Talk:Memory management

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This really is a terrible article. Its ridiculously saturated with junk and could fall apart at any time, and probably should, it makes a vast variety of claims on how all these systems are tied together without even mentioning the application layer, and is written in sloppy stereotypical granulated oxford lecture style. I've gone through and fixed some of it, but its an oddly useless factor. — Preceding unsigned comment added by MeekMelange (talkcontribs) 15:51, 30 May 2012 (UTC)

Dynamic memory allocation in various languages[edit]

i was really wondering how would if i insert a section about Comparison table of Dynamic Memory Allocation in various languages such as in java, c++, python, pascal etc. That will give glimpse that how one can allocate memory dynamically in different languages.
Prashantgonarkar (talk) 09:54, 30 October 2011 (UTC)

Garbage collection[edit]

I quite disagree with the definition of Garbage collection (GC) given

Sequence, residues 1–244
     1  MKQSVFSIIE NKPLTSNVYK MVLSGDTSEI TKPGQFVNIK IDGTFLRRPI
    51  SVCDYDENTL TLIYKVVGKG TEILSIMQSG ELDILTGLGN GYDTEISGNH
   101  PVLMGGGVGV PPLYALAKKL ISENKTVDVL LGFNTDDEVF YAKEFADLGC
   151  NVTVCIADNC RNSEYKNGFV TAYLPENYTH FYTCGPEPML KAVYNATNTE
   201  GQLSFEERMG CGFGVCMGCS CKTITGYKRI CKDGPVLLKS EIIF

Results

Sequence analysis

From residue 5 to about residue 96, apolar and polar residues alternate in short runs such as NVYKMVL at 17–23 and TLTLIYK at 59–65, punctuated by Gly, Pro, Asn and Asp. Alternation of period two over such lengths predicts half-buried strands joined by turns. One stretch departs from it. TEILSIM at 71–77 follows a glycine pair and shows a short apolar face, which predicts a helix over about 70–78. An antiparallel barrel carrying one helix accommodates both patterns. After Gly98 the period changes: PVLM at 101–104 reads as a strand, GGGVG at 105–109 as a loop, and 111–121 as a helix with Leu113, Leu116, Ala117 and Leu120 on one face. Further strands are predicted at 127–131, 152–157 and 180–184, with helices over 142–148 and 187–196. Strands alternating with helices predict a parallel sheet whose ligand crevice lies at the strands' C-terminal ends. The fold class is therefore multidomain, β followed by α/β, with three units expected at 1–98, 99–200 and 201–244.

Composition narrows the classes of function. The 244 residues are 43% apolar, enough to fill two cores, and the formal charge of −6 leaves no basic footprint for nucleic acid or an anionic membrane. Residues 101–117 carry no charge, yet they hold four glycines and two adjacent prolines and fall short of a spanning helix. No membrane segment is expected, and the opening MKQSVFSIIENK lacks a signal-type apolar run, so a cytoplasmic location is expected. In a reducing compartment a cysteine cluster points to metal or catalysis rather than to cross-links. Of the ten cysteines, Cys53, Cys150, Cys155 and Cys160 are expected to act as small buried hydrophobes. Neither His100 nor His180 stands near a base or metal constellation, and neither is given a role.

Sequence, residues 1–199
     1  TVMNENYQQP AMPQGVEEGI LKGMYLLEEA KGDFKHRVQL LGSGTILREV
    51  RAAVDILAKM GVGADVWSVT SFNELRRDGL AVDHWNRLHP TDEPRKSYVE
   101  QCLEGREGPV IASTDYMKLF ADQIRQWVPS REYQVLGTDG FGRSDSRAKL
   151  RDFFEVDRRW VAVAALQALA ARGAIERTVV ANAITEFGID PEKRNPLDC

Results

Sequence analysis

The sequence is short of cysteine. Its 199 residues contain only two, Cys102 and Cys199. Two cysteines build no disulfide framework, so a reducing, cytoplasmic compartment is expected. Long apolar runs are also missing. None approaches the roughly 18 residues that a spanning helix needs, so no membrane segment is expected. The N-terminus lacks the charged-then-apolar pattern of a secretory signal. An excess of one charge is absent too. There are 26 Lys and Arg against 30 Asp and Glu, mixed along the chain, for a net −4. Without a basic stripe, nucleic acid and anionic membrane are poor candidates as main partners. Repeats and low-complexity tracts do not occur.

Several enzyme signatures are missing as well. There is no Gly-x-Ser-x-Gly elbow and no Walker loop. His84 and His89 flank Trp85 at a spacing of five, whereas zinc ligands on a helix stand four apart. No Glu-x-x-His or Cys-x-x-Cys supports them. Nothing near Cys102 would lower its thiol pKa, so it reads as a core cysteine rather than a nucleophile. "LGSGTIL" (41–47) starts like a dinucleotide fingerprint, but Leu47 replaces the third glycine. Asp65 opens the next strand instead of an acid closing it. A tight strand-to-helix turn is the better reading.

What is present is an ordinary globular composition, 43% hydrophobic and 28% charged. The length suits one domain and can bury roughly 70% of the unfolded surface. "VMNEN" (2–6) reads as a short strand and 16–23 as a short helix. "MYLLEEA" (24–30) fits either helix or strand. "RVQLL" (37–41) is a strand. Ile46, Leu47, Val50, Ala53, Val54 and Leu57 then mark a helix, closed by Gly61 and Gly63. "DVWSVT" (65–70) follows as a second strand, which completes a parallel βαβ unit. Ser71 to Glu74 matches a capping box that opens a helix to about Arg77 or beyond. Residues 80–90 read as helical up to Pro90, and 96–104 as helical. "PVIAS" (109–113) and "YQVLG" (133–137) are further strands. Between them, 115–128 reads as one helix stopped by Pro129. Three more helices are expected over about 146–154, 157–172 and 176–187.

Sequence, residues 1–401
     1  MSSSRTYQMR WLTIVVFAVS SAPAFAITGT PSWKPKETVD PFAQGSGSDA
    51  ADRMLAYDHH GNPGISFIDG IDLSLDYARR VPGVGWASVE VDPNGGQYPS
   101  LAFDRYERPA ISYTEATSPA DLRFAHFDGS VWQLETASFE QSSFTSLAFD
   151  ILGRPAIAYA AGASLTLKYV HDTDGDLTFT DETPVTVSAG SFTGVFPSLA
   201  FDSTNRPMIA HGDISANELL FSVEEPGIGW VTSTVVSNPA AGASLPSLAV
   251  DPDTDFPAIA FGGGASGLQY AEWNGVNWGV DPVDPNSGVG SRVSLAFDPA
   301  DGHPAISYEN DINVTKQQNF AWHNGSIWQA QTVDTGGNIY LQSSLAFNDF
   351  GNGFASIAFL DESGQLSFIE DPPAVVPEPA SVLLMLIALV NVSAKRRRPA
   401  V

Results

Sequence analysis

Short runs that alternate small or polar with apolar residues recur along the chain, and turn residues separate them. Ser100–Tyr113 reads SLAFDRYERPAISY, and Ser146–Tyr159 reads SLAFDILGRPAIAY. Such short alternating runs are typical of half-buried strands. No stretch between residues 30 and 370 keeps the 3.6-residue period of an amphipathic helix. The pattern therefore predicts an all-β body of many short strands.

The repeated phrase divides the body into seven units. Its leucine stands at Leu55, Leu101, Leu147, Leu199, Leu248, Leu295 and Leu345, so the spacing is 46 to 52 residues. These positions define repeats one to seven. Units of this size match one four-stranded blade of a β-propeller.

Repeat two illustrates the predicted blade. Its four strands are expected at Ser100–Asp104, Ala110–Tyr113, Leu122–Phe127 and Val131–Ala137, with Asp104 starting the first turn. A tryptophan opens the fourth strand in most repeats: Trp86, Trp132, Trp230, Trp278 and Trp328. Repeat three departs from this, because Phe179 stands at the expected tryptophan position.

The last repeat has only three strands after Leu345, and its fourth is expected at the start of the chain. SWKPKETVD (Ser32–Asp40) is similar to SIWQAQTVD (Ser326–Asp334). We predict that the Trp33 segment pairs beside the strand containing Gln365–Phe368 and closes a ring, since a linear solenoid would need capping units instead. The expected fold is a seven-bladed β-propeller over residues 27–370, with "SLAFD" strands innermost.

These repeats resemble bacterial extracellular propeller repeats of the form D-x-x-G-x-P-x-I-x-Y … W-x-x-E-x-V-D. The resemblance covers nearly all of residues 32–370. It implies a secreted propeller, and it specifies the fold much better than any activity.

It says : "Garbage collection is the automated allocation and deallocation of computer memory resources for a program." For me, the role of the garbage collector is to reclaim garbage but not to allocate memory. Allocating memory automatically is the goal of a memory allocator.

I would like to change this (if everyone agree) to : "Garbage collection is the automated deallocation of unused computer memory resources for a program."

What do you think ?

--Arnaud 10:14, 11 May 2006 (UTC)

What happened[edit]

what happened in this article?



--Dowclo 23:19, 14 March 2007 (UTC)

The article got vandalized; no big deal, we have to put up with it every day. All edits made to Wikipedia are kept, you can use the "history" tab to see the changes. (I reformatted your comment a bit, I hope you don't mind). -- intgr 23:39, 14 March 2007 (UTC)
it is appreciate you corrected my formatting, but you didn't fix the problem, when i went to the article, my firefox just get freezed, then i forbid the wikipedia's script, but the CPU usage still went to 100%, when i switch to maxthon(a IE shell) then the situation got a little bit better(in first couple sec the CPU usage is still 100%) --Dowclo 01:06, 15 March 2007 (UTC)